Structures, Political Cultures and Social Practices
Contested Statebuilding in Kosovo: the nature and characteristics of Serbian parallel structures
Almost a decade has passed since the UN Interim Administration Mission was deployed in Kosovo to halt conflict and restore peace. Subsequently, on 17 February 2008 Kosovo declared its independence. In answer to the request of Serbia’s government, the International Court of Justice (ICJ) issued an advisory opinion concerning the compliance of Kosovo’s declaration of independence with international law. The ICJ concluded that the declaration of independence did not violate international law nor did it contravene Kosovo’s Constitutional Framework (International Court of Justice, 2010: 43). International partners (e.g. France, Germany, Austria, UK) who supported the Kosovo’s independence acknowledged and emphasized a set of circumstances when they recognized the independence of Kosovo and made written submissions to the ICJ in support of Kosovo, describing it as: “quasi-federal unit in Yugoslavia, international protectorate, international mediation on status, de facto independence, and massive human rights violations” (Bieber, 2011: 135).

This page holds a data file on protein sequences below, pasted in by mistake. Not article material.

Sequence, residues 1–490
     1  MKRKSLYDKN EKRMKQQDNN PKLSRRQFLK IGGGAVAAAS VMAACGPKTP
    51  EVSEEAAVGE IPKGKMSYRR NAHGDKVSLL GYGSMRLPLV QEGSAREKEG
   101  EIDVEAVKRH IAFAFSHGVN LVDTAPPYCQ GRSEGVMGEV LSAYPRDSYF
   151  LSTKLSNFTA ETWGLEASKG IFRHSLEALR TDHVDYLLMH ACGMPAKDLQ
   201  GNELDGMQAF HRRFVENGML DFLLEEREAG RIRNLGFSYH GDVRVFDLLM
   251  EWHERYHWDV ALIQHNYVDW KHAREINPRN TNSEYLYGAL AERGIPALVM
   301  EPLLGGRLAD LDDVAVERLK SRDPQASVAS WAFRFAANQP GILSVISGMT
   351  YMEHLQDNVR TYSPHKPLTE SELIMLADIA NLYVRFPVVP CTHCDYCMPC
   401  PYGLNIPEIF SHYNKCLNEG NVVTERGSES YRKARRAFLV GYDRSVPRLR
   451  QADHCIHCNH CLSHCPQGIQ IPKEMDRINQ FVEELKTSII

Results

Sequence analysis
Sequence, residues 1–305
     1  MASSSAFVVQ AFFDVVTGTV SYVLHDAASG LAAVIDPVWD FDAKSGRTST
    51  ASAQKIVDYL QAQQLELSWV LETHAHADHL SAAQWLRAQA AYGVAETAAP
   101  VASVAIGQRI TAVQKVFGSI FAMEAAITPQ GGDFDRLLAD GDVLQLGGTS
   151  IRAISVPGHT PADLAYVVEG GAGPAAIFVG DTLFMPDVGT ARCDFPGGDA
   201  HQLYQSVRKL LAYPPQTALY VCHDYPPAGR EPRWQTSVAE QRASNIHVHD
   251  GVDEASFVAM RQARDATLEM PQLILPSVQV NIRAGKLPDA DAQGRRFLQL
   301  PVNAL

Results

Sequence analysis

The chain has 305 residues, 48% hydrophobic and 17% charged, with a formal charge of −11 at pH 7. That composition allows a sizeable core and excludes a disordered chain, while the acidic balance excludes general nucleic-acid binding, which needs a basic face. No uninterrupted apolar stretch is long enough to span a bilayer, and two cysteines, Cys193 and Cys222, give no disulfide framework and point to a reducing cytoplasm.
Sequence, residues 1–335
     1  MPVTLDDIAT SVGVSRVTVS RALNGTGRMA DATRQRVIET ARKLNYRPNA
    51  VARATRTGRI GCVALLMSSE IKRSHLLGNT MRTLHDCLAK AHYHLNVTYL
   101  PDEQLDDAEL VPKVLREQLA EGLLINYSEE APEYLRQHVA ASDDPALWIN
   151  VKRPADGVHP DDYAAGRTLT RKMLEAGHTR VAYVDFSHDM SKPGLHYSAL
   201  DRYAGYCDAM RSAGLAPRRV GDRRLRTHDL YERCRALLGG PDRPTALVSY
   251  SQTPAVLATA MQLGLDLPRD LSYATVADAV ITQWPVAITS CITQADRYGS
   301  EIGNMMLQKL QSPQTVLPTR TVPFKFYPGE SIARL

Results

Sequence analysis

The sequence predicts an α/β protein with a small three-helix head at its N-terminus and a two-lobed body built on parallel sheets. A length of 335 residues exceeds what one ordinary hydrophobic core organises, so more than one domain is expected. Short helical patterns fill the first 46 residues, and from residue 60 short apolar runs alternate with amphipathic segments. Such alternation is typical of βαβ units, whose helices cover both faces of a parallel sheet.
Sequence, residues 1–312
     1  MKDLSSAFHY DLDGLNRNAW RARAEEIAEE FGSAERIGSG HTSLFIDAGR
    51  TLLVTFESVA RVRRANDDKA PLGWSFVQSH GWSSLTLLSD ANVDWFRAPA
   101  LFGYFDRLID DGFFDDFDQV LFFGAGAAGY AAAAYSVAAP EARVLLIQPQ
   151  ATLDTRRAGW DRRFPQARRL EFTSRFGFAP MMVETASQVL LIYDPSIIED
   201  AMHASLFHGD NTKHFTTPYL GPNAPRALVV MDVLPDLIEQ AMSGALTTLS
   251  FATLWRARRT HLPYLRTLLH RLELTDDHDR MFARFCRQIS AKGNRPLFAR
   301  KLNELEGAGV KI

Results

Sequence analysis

With the withdrawal of Serbian administration from Kosovo, following the international intervention, the United Nation Interim Mission Administration in Kosovo (UNMIK) was mandated to operate and extend fully its authority over Kosovo based on the UNSC Resolution 1244. In response to the suspension of sovereignty of the Federal Republic of Yugoslavia over Kosovo by NATO troops through UN Security Council Resolution 1244, the Serb leadership continued to resist newly establishing international administration institutions by creating so-called parallel structures. While Serbian parallel structures in the eastern and western part of Kosovo have diminished following Kosovo’s independence, parallel structures,...
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